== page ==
Because backcountry native forest logging does nothing to make our communities more fire safe and can create impacts to the health of our forests, Applegate Neighborhood Network, Klamath Forest Alliance, and the Williams Community Forest Project have designed and supported the Plantation Stand Alternative as a proposed action alternative for the IVM Project. This proposal would implement non-commercial fuel reduction thinning and prescribed fire within ¼ mile of communities and in plantation stands under 60 years old. This alternative would encourage the BLM to focus its limited resources closest to communities at risk or in the areas with the most altered forest stands and the highest need for habitat rehabilitation.

For analysis purposes we are defining “communities at risk” as rural residential communities or neighborhoods and incorporated towns with adjacent BLM lands. Non-commercial fuel reduction thinning and prescribed fire should be utilized in areas within a ¼ mile of private property boundaries in areas zoned for residential use.  

Under low to moderate fire conditions, non-commercial fuel reduction adjacent to communities can provide places for fire personnel to more safely engage a wildfire, before it burns into a community. Thinning and fuel reduction is most useful and cost-effective when it focuses treatments near homes and communities.

Finally, we believe that all projects proposed in the Plantation Stand Alternative should be vetted with a public comment period and a written document with some level of public disclosure, cumulative effects analysis and scientific review.

In the Plantation Stand Alternative we also propose that projects including commercial logging, widespread fuel reduction away from communities at risk, or located in LSR forest, Areas of Critical Environmental Concern, National Monuments, Riparian Reserves and other “District Defined Reserves,” should undergo a full NEPA analysis to ensure that the resources targeted for protection are maintained, preserved, or restored to their former abundance. This should include public comment periods and an Environmental Assessment or Environmental Impact Statement, as is currently required and these projects should not be authorized under the IVM Programmatic EA.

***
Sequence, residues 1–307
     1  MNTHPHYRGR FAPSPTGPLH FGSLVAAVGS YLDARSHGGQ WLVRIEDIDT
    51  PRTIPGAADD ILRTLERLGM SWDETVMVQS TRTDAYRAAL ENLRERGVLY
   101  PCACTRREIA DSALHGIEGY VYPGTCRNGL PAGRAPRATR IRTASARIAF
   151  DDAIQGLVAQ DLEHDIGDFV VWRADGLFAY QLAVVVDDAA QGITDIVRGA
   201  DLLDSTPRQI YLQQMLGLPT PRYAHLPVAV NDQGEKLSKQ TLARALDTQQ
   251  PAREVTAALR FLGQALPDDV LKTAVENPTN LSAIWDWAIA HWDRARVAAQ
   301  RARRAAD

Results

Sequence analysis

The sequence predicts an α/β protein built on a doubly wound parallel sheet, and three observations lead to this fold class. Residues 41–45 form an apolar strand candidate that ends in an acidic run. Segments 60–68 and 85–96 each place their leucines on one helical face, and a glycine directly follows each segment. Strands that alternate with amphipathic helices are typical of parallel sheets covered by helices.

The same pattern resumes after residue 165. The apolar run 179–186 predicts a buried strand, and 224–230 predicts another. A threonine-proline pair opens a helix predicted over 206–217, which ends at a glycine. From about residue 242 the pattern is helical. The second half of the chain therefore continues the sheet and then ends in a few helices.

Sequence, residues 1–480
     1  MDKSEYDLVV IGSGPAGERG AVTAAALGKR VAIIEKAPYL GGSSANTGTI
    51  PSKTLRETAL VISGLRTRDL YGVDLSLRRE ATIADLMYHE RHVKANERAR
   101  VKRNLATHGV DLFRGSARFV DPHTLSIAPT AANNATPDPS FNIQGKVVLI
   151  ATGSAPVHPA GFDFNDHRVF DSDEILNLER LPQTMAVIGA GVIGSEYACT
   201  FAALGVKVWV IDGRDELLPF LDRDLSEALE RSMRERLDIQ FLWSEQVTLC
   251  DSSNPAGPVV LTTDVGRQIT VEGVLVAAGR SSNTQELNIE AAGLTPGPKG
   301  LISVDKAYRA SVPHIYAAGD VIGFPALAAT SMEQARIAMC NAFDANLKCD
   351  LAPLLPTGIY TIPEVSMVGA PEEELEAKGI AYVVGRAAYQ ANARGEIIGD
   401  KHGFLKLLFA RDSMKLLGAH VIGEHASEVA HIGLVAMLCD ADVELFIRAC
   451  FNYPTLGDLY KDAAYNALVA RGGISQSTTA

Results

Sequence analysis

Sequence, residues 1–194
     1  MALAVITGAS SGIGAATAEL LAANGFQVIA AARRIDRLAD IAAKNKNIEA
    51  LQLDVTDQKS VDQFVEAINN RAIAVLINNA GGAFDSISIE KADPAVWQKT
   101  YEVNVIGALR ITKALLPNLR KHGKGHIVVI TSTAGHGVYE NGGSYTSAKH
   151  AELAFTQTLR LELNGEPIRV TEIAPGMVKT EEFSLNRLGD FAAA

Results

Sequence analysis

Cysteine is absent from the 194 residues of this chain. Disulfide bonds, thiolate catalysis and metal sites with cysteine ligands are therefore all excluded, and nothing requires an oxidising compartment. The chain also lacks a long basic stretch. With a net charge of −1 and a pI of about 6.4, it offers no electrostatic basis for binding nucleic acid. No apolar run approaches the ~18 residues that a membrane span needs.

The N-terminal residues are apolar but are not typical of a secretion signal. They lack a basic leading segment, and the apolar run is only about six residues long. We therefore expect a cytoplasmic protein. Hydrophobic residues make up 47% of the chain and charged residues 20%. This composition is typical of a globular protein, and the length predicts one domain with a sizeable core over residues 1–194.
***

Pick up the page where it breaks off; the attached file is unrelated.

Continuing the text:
The authorizations proposed in the Plantation Stand Alternative should last ten years and should include rigorous monitoring to ensure the IVM Project actually increases community fire resilience and forest resilience. Following this ten year period, adaptive management should occur, altering forest prescriptions based on regional appropriate monitoring results.

Take Action

The BLM has recently announced that an Environmental Assessment for the IVM Project will be out in “late spring/early summer,” followed by a public comment period. The BLM has also announced that the Scoping Notice for the Late Mungers Project will be released this summer, officially putting the forests of the Late Mungers Planning Area at risk. Although we will need help during these important public comment periods, we also need folks to send letters to both their elected officials and BLM land managers now, asking that they keep the public in public lands and responsibly manage our public forest lands.

Old forest targeted for logging in the Late Mungers Project.

IVM Talking Points:

  • The level of timber harvest and new road construction currently proposed in the IVM Project is unacceptable and will damage fire resilience, wildlife habitat, community fire safety, and many other public land values.